The Social Impact of the Atomic Bomb
One of the largest social impacts of the atomic bomb is that the atomic bomb instills fear into people for nuclear explosion and war. Before the first atomic bomb was dropped, a typical war meant that the people feared for casualty, physical pain and loss of love ones. With the new age of the atomic bomb, every coming war has a potential to become a nuclear war, and a nuclear war brings a new type of fear. This new fear is the fear of the end of the world and humankind.
When there is a weapon that can level an entire city and killing 66,000 people while injuring 69,000 people (atomicarhive.com) with long term health effects, people will obviously be scared. People fear that there won’t be a future for humankind. If a nuclear war were to happen, half a country to an entire country can easily be destroyed to the point where it becomes inhabitable due to radiation. Through a Stanford University psychological study of young survivors of World War II, it has been found that almost half the subjects surveyed believe that a nuclear war will result in the complete annihilation of humankind (Koschin and Kabachenko 4). The study also found that “95 percent [of the subjects] expressed a serious concern about the danger of war and 44 percent lived in fear, waiting for war” (Koschin and Kabachenko 2). Generations after the atomic bomb era will continuously fear that every war can become the world-ending nuclear war. The American government also sees the catastrophic potential of nuclear weapons and began to disarm their nuclear weapon stockpile and ban future nuclear test from being performed. Treaties such as the Comprehensive Nuclear Test Ban Treaty and the Treaty on the Nonproliferation of Nuclear Weapons were created as steps to slow down the development of new nuclear weapons.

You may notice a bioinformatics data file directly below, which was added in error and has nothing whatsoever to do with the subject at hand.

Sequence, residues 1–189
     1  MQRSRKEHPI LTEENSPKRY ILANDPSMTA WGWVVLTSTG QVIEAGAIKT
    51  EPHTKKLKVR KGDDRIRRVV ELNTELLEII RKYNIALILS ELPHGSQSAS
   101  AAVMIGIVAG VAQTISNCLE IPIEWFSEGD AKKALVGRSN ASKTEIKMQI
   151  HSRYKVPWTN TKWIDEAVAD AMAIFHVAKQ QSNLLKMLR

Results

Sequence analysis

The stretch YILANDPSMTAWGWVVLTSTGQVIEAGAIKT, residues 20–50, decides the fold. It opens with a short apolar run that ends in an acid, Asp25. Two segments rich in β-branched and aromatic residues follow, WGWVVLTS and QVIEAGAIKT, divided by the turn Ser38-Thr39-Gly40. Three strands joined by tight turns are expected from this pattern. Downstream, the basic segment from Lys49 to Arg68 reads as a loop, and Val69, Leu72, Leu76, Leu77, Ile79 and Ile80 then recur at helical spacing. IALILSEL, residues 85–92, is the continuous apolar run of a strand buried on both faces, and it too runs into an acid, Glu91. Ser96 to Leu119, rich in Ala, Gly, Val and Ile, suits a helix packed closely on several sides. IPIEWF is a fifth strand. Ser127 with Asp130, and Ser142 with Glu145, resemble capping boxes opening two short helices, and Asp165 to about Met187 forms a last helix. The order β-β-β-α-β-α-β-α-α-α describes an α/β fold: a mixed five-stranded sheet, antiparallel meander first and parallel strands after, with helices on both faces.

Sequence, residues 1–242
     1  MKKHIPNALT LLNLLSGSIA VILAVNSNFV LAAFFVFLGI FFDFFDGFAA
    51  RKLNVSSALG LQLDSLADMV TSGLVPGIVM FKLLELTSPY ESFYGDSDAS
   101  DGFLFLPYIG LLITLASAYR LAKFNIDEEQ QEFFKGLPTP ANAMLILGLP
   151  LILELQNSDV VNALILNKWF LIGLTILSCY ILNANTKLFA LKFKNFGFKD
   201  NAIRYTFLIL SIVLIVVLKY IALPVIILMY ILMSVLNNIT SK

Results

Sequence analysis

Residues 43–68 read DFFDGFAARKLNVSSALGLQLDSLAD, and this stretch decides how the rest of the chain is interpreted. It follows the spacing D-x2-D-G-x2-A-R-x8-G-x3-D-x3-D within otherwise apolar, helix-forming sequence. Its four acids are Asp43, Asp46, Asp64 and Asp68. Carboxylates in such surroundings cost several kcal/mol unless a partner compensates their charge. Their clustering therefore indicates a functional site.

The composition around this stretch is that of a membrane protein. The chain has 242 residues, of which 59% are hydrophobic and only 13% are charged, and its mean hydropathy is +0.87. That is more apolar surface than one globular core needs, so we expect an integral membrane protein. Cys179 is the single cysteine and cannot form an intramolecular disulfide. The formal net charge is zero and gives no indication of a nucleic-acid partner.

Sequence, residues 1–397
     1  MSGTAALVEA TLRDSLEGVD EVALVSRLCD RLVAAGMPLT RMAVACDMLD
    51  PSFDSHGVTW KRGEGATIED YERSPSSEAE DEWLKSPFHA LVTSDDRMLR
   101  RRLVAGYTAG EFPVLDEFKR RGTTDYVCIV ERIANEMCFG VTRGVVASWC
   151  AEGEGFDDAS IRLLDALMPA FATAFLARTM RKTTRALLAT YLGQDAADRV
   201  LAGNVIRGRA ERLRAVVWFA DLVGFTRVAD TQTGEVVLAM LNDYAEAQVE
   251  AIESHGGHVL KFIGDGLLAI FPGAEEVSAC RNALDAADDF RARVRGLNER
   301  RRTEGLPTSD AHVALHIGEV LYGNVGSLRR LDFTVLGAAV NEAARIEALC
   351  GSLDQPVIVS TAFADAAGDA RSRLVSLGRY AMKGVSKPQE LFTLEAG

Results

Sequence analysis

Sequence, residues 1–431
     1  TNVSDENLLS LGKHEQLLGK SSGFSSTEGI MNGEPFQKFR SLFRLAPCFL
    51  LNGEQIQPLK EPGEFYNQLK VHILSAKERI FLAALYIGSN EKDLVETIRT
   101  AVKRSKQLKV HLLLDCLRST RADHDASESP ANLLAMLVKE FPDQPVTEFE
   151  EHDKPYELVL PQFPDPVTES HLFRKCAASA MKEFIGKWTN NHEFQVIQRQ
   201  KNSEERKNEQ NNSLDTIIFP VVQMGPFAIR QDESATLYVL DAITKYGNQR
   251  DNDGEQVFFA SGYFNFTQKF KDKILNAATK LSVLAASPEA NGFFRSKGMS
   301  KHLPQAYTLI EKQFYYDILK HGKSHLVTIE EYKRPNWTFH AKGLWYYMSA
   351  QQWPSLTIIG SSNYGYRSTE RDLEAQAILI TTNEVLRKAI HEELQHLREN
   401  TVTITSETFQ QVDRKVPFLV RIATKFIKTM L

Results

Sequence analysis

After the atomic bomb was designed and used in World War II, the invention of nuclear power plants and reactors came about. With that, people began to fear for nuclear accidents. A few nuclear accidents have occurred that brought international attention to the safety of using nuclear power plants. The Chernobyl disaster is one of the most commonly known incidents. This disaster caused an evacuation of 143,000 people from areas around the explosion zone, killing 300,000 through radiation sickness, and contaminated an estimated of 17 million people (“Chernobyl Facts & Statistics”). A more recent nuclear accident was caused by an earthquake and tsunami in Japan. This natural disaster had caused the failure and malfunction of the Fukushima’s nuclear reactors. As a result, radioactive materials and 300 tons of contaminated water are leaked into the ocean every day, the contamination of ocean water and material will reach the other side of the globe within years and local sea life in the reactor area has become too dangerous for human consumption (“Fukushima's Radioactive Water Leak”). These nuclear accidents paint a picture to...